In the morning of 14 November, the Living Wage/Anti-casualisation campaign at Nottingham University held a big ‘clean-in’ protest in the courtyard of the main University building (Nottingham Post, 14 November 2017). The broad alliance of campus trade unions, student societies, Students’ Union officers and Nottingham Citizens called ‘on the new Vice Chancellor, Shearer West, to “do the right thing” and commit the university to paying all its staff, including cleaners and other low paid workers, the Living Wage’ (Andrea Oates, Ceasefire, 15 November 2017). In this blog post, I will present several of the speeches by students, supporting the campaign.
‘The university thinks that students don’t care about the living wage, that we are apolitical and that all we care about is expensive new buildings and being top of the league tables. We are here to show them that what we care about is the people that make our experience here great, the people that get up at 5am and clean our lecture theatres and are on to their second jobs before we’ve even woken up, the people who are rarely thanked. So I’d like to say, on behalf of the students of Nottingham, a big thank you for all you do. Hence our support for the Living Wage campaign ensuring a decent standard of living for our cleaners.’
Ellie Mitchell, Students’ Union Community Officer
|Photo by Anisa Mustafa|
‘Good Morning everyone, my name is Michael and I’m here to speak on behalf of students, and as a student can I just say that I understand how difficult it is to be anywhere at half 8 in the morning, so thank you for coming. I’m also a representative of Nottingham Labour Students who have supported this campaign for a number of years - but values of respect, dignity and solidarity are not confined to any one political party. They’re values that all students at the University should share.
We are told time and time again that we are all part of a world class academic community here at Nottingham, but those world class standards are not upheld when it comes to the working conditions and pay levels of our staff - that solidarity is not extended to the very people who work hard every day to ensure that this community is clean and safe.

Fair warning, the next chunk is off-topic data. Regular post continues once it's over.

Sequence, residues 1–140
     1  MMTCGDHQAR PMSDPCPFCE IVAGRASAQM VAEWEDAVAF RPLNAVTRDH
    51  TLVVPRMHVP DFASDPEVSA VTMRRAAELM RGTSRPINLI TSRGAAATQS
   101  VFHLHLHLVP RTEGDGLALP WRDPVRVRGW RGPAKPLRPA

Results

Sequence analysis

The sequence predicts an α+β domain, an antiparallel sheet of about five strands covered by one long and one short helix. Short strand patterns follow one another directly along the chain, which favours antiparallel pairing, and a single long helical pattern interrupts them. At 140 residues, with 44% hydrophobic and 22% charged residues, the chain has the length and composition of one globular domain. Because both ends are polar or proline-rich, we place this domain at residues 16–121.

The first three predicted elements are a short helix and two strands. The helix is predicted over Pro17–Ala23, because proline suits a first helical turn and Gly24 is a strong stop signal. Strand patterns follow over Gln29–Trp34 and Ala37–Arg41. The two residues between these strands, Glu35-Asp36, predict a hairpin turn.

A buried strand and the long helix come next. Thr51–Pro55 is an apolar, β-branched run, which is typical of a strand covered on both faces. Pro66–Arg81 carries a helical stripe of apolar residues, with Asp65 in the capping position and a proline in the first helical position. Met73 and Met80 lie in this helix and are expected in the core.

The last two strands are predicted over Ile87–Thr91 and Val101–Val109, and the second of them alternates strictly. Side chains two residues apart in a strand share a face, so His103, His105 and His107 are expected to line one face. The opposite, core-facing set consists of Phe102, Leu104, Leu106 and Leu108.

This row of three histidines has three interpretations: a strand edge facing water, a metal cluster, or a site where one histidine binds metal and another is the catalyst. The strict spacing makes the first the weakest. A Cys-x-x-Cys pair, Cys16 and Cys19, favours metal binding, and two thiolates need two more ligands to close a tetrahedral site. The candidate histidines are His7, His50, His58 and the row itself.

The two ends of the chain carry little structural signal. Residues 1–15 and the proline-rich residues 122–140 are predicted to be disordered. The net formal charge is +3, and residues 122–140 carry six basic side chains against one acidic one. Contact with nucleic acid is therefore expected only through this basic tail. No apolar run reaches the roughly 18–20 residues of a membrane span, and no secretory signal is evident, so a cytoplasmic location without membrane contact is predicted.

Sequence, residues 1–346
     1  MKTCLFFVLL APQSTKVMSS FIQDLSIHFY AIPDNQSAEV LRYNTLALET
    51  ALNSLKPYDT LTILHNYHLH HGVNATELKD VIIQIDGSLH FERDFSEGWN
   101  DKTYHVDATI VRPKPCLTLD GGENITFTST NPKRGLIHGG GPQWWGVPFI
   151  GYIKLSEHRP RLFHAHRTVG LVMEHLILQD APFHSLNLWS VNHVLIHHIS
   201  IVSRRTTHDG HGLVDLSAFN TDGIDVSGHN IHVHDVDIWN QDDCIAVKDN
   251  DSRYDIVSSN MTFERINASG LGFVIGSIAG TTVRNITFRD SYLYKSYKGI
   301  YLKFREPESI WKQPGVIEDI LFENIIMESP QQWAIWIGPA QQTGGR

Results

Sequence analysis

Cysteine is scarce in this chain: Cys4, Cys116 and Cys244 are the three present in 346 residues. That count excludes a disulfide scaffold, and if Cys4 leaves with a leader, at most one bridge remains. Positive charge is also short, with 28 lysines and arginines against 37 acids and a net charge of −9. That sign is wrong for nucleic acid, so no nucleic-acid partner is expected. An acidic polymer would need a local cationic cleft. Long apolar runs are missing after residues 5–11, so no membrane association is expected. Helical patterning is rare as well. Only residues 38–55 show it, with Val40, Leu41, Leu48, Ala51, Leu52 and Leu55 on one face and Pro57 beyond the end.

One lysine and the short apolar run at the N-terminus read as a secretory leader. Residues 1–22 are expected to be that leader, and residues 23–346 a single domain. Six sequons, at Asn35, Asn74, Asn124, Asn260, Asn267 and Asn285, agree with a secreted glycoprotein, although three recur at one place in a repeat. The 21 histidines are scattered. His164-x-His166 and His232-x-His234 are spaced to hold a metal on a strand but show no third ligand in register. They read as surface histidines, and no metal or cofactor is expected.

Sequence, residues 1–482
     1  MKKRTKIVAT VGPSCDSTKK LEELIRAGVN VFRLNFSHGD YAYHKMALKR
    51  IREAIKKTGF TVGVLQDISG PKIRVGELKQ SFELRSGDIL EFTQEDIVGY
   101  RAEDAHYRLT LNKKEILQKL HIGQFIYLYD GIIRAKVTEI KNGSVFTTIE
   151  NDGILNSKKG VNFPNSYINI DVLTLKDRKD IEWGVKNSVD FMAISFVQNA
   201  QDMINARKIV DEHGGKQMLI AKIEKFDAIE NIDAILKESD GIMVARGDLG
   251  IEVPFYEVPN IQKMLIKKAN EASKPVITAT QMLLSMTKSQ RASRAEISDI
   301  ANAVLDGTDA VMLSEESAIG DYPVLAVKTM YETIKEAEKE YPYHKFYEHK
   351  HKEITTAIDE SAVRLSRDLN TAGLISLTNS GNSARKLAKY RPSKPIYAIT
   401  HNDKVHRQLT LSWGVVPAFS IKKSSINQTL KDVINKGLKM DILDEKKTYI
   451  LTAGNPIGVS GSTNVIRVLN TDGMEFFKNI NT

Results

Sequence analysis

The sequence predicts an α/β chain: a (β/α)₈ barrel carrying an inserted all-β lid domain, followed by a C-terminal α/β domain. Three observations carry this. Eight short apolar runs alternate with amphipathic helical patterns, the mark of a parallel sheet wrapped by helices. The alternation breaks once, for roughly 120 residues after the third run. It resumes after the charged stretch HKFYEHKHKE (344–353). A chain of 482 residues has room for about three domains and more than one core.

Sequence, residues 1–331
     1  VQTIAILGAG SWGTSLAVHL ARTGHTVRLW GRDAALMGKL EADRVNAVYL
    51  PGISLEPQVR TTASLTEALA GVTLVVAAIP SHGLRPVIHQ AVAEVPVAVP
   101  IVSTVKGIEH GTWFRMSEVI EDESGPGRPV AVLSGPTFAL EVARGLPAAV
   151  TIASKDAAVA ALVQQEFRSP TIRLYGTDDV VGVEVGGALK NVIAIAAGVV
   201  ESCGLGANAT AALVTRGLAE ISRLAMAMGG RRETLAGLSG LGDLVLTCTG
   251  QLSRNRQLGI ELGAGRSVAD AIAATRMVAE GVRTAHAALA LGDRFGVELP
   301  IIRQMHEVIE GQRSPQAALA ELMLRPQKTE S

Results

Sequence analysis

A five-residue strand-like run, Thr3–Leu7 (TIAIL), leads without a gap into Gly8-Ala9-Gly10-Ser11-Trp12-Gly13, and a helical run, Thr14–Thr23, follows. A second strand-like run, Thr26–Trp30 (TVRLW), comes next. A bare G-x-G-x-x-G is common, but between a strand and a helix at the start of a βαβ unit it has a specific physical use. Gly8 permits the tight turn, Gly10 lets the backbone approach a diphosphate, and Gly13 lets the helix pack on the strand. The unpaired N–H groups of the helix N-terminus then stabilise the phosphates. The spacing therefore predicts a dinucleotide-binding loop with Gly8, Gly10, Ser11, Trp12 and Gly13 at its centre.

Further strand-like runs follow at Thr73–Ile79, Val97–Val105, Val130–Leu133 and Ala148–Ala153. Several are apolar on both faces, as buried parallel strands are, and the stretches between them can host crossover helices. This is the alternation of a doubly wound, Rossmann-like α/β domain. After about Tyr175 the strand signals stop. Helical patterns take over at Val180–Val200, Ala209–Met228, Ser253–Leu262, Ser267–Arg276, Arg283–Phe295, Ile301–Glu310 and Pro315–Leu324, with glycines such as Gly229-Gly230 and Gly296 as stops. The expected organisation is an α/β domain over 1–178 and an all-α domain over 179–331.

And let me make this clear, this is not a question of money, the university has millions of pounds in surplus - the money is there – this is a question of values. Whether we value the livelihood of our cleaners and staff members above the need for a shiny new TV in front of the Portland building, for example. Now for me and many people here I suspect, that is not a tough question, but for the University unfortunately, it does seem to be.
And that is why we as a student body, the very people who pay the New Vice-Chancellor’s wages, need to send a strong and unified message, about the overwhelming level of student support for this campaign. So I ask you to continue this momentum, to get more involved in the campaign if you’re not already, even simply to tweet your support at the new VC. We need to explain to her that paying a wage that you cannot live on, is no longer acceptable at this university. Thank you for your support in this vital campaign.’
Michael Millar, Nottingham Labour Students
For an interview with Tasha Bednall, Environment and Social Justice Officer of the University of Nottingham Students’ Union, see HerCampus at Nottingham. For further coverage in the students’ media at Nottingham University, see Impact, the official student magazine.
Professor of Political Economy
University of Nottingham/UK
Personal website: http://andreasbieler.net
23 November 2017